Euthanasia has been the main topic in the news over the past few weeks due to the Terri Schiavo case. Her tragic circumstances and the grief and suffering of her family and friends have touched our hearts. Some people agree with the methods being used to "let her die with dignity", others oppose these actions because of religious and moral beliefs.
The medical experts have not been able to agree on the extent of her brain damage or cognizant abilities. This has raised "reasonable doubt" as to whether she is indeed in a persistent vegetative state. By using the PVS diagnosis, Mr. Schiavo has obtained from the courts the right to withhold life-giving treatment including food and water. These court decisions have taken away her Constitutional right to life, and even her religious right to Communion, as Mr. Schiavo did just this past Easter Sunday, not allowing her to be given Communion.
Mr. Schaivo's lawyer announced that the Catholic sacrament would be allowed once more before her death, although he would not say when.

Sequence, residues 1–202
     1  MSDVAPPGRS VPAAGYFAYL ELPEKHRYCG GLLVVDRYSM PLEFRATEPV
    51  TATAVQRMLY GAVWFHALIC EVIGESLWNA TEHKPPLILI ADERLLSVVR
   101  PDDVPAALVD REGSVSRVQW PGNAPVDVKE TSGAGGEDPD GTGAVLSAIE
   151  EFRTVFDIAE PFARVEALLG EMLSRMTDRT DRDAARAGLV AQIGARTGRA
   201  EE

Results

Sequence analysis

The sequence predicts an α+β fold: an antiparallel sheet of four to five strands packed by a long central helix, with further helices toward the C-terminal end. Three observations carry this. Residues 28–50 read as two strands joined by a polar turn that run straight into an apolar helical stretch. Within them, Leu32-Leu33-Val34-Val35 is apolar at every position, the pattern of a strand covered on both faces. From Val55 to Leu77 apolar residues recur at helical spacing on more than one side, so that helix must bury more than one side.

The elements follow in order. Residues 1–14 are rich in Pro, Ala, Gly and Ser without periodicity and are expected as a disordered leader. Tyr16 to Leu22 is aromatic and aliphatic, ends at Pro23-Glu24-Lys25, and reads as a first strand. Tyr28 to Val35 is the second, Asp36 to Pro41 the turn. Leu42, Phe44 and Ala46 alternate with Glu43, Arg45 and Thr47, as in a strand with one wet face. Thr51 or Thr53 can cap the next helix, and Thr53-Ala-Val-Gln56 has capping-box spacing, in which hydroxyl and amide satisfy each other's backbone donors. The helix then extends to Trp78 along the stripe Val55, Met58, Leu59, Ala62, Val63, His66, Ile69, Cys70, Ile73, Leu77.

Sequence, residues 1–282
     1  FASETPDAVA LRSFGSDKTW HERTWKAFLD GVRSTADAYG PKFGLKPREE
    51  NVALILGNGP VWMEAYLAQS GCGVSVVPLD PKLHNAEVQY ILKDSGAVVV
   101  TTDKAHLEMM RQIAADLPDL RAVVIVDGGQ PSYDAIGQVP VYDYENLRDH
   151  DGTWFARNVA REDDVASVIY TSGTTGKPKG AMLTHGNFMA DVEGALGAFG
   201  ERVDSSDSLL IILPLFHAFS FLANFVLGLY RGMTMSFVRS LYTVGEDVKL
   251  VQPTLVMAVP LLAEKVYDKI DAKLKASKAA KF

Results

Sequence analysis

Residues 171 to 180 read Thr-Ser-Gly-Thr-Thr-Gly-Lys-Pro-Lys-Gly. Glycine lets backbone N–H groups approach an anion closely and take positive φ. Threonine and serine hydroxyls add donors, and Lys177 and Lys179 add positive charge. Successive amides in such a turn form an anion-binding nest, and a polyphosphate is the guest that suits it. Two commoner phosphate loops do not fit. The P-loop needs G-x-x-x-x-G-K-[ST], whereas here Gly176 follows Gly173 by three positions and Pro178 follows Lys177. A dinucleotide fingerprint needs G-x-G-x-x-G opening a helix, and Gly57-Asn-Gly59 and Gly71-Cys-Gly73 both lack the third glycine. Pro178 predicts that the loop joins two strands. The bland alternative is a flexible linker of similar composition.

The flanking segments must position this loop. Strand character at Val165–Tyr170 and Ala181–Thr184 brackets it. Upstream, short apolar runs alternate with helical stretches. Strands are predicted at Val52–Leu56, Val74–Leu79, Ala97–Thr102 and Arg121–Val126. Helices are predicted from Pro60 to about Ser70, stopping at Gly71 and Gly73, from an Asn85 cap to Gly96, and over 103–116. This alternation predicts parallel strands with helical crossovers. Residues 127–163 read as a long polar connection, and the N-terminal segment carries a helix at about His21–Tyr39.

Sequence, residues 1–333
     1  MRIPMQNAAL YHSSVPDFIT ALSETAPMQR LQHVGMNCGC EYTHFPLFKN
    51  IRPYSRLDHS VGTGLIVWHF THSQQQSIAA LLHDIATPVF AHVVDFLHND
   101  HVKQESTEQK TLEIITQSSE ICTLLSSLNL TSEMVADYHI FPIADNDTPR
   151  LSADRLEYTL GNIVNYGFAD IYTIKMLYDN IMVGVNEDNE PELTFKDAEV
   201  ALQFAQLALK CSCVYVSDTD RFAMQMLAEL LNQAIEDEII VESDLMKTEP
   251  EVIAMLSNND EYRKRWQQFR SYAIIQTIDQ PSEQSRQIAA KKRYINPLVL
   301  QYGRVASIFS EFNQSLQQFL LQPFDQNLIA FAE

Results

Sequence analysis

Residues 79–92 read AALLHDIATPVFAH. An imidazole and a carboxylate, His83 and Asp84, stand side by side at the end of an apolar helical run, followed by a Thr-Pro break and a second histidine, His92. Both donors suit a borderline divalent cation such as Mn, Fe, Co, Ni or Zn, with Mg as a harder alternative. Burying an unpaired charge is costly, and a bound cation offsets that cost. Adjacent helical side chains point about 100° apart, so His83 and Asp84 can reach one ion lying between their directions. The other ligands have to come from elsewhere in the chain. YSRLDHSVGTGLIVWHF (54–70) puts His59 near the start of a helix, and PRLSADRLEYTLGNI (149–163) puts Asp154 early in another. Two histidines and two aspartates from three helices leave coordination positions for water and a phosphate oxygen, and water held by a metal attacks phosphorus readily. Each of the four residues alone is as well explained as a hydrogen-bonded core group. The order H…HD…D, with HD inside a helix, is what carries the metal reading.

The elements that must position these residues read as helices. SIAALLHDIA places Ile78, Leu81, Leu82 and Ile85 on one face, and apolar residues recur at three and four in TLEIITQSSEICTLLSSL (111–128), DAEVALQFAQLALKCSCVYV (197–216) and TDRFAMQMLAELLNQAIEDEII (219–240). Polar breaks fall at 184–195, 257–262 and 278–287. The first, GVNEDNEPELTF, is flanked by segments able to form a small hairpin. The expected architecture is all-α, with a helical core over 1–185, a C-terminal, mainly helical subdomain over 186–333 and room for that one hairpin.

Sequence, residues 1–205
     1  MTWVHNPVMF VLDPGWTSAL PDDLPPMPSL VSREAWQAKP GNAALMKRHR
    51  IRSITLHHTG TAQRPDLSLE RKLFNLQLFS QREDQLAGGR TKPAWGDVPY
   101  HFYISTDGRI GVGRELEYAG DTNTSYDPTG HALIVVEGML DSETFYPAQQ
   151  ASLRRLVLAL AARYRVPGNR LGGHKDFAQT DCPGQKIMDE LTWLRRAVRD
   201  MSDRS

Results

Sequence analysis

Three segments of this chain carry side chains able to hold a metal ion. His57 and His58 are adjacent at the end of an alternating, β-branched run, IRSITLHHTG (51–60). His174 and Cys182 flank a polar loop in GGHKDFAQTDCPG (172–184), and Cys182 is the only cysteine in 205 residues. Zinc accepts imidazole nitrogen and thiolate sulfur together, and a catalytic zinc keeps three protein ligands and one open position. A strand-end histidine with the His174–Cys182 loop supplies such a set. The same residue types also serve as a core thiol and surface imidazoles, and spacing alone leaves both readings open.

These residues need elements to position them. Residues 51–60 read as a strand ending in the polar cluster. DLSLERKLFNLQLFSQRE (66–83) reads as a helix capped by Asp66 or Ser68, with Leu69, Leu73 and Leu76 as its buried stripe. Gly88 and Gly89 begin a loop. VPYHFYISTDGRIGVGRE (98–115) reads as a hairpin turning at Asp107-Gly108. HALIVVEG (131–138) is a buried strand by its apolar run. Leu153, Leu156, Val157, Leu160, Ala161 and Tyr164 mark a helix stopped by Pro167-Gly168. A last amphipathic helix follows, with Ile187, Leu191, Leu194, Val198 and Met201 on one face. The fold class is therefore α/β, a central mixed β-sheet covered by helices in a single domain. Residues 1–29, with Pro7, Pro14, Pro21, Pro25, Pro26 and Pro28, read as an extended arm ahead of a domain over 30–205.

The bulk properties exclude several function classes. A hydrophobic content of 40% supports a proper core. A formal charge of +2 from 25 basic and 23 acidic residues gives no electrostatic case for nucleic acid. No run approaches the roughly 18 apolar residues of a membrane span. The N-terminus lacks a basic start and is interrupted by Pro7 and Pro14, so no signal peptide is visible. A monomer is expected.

There are moral and ethical laws that can help families choose the right course of action when dealing with these life and death matters. The Catechism of the Catholic Church is a guide for practicing Catholics.
In the Catechism part three, reference no. 2276 states: "Those whose lives are diminished or weakened deserve special respect. Sick or handicapped persons should be helped to lead lives as normal as possible. Reference no. 2278 states: Discontinuing medical procedures that are burdensome, dangerous, extraordinary, or disproportionate to the expected outcome can be legitimate; it is the refusal of "over-zealous" treatment. Here one does not will to cause death; one's inability to impede it is merely accepted. The decisions should be made by the patient if he is competent and...